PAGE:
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e^tdy/dt=y^3 dyv^-3=dt e^-t on integratiion y^-2/2=e^-t/-1 +constant
than you very much
if i need the general solution of the differential equation expressing y explicitly as a function of t and hence find the particular solution that satisfies the initial y(0)=1 do i need to make it y=f(x) then find the constant c then substitute the value of x through f(x) thanks
is it right
Have you written the question correctly? A first order non-linear differential equation? (non-linear?) Wolfram gives: http://www.wolframalpha.com/input/?i=e^t+dy%2Fdt%3Dy^3 A wacky solution... it seems to be interpreting it correctly, as least how I would think of it from what you've written...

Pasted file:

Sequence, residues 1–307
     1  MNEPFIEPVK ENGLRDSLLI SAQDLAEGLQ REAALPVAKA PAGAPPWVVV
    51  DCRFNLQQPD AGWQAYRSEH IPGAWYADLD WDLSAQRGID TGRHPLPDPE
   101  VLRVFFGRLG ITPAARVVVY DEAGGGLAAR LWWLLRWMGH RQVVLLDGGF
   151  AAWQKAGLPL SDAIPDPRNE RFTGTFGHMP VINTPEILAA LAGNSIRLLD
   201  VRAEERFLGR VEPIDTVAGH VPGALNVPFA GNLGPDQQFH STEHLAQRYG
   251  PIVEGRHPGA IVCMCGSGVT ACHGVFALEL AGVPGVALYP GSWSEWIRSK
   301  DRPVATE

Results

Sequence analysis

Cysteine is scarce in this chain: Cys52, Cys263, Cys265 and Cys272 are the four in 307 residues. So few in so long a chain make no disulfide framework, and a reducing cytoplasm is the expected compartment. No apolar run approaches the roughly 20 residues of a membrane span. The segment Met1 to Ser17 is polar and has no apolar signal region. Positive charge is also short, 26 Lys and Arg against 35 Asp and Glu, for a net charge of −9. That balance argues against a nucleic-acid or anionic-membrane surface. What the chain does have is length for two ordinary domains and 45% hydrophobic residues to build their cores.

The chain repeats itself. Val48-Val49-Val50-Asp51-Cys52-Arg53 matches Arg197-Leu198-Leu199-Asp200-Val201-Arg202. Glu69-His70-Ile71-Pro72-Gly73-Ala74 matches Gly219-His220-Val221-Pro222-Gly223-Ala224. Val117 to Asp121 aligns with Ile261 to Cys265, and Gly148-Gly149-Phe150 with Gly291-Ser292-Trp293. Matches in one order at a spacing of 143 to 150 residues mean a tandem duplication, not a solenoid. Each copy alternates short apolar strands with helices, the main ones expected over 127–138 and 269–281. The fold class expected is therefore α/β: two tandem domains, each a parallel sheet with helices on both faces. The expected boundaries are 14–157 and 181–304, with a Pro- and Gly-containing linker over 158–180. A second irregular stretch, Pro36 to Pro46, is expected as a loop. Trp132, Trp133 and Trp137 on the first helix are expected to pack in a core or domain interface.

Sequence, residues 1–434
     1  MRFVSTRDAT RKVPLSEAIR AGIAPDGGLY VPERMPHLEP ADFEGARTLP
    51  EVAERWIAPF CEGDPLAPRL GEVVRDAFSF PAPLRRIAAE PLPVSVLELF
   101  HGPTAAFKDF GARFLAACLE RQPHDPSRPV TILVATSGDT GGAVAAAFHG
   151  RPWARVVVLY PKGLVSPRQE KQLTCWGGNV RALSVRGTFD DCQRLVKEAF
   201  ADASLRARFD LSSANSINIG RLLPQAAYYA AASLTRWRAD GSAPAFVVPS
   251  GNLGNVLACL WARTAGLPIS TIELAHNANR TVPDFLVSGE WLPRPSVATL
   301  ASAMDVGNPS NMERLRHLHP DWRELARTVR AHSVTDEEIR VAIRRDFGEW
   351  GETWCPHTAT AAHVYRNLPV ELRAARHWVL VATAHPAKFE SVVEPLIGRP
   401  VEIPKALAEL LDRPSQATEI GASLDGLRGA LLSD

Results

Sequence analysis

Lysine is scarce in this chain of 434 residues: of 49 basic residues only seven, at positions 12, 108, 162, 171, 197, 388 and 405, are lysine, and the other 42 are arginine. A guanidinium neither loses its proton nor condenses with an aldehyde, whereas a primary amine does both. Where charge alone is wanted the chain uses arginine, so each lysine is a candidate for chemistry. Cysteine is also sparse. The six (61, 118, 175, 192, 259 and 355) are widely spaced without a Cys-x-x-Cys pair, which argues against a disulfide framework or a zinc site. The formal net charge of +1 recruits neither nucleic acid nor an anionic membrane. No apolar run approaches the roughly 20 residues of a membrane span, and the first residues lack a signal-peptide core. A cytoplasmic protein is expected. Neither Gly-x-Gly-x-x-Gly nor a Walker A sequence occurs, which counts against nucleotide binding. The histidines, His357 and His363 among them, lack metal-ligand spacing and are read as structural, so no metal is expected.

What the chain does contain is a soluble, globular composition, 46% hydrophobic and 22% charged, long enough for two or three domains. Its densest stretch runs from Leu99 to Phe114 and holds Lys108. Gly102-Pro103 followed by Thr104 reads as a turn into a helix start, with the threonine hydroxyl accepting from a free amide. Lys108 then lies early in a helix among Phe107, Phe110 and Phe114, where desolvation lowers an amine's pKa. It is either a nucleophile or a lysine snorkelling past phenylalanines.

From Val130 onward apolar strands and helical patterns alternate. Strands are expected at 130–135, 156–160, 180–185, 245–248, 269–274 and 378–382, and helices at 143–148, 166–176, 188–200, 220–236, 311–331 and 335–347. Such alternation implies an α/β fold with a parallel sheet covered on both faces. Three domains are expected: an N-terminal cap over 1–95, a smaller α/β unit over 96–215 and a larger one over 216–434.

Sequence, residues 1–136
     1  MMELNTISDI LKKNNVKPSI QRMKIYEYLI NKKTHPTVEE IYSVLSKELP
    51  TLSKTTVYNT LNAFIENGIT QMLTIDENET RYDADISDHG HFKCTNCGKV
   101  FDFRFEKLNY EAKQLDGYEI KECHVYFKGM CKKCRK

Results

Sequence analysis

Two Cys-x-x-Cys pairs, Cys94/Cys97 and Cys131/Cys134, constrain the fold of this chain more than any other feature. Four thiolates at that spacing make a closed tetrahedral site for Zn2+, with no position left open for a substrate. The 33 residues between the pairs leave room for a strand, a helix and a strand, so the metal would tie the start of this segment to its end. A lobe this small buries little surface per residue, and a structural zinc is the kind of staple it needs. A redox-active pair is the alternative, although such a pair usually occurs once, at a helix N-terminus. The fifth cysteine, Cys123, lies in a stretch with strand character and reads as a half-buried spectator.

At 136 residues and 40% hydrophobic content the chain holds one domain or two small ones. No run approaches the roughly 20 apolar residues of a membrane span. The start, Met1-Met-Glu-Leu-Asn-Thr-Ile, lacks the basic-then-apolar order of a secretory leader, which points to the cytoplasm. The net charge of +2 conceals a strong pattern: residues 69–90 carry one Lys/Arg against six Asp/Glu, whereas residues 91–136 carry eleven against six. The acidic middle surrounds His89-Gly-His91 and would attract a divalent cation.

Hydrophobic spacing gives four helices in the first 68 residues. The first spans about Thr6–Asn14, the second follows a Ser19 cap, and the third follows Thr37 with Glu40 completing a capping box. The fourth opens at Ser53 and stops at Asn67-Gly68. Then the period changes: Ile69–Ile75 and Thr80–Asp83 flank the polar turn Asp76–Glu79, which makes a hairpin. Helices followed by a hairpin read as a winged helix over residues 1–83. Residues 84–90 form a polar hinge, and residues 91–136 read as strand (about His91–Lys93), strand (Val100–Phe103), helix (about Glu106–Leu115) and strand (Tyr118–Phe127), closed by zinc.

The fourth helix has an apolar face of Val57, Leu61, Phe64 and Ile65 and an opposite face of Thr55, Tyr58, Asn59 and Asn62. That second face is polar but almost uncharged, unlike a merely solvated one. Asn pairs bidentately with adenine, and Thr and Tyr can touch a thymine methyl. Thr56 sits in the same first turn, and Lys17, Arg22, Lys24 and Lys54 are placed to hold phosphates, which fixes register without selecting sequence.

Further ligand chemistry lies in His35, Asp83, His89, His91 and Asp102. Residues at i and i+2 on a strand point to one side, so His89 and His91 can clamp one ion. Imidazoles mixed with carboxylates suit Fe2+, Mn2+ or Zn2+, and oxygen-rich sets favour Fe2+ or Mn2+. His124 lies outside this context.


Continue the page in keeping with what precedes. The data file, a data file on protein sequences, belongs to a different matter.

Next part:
yes its true e^t *dy/dt=y^3 (where y is gretethan 0) but i use the wolframalpha but itesnt go right whatdo you thinease
sorry what do you think please
http://www.wolframalpha.com/ Type into the search the problem: e^t *dy/dt=y^3 It will solve it. But it's not a nice looking solution...
the answer i got is y=1/-2e^t+2c
and this without computr
actually the solution the other guy gave is right. But it's written implicitly not explicity, which is why it looks different to what wolfram gives. But still the solution is very ugly. If this is for a class assignment then I think this is either written incorrectly, or it's supposed to look ugly for some reason (maybe it's from a real life problem).
ok thanks lot will try it again
here's the solution that the other guy gave: -1/2 * y^(-2) = -e^(-t) + C. I think that's right. But see how that's written in implicit form. If you solve that for y then I think you should end up with what wolfram alpha got.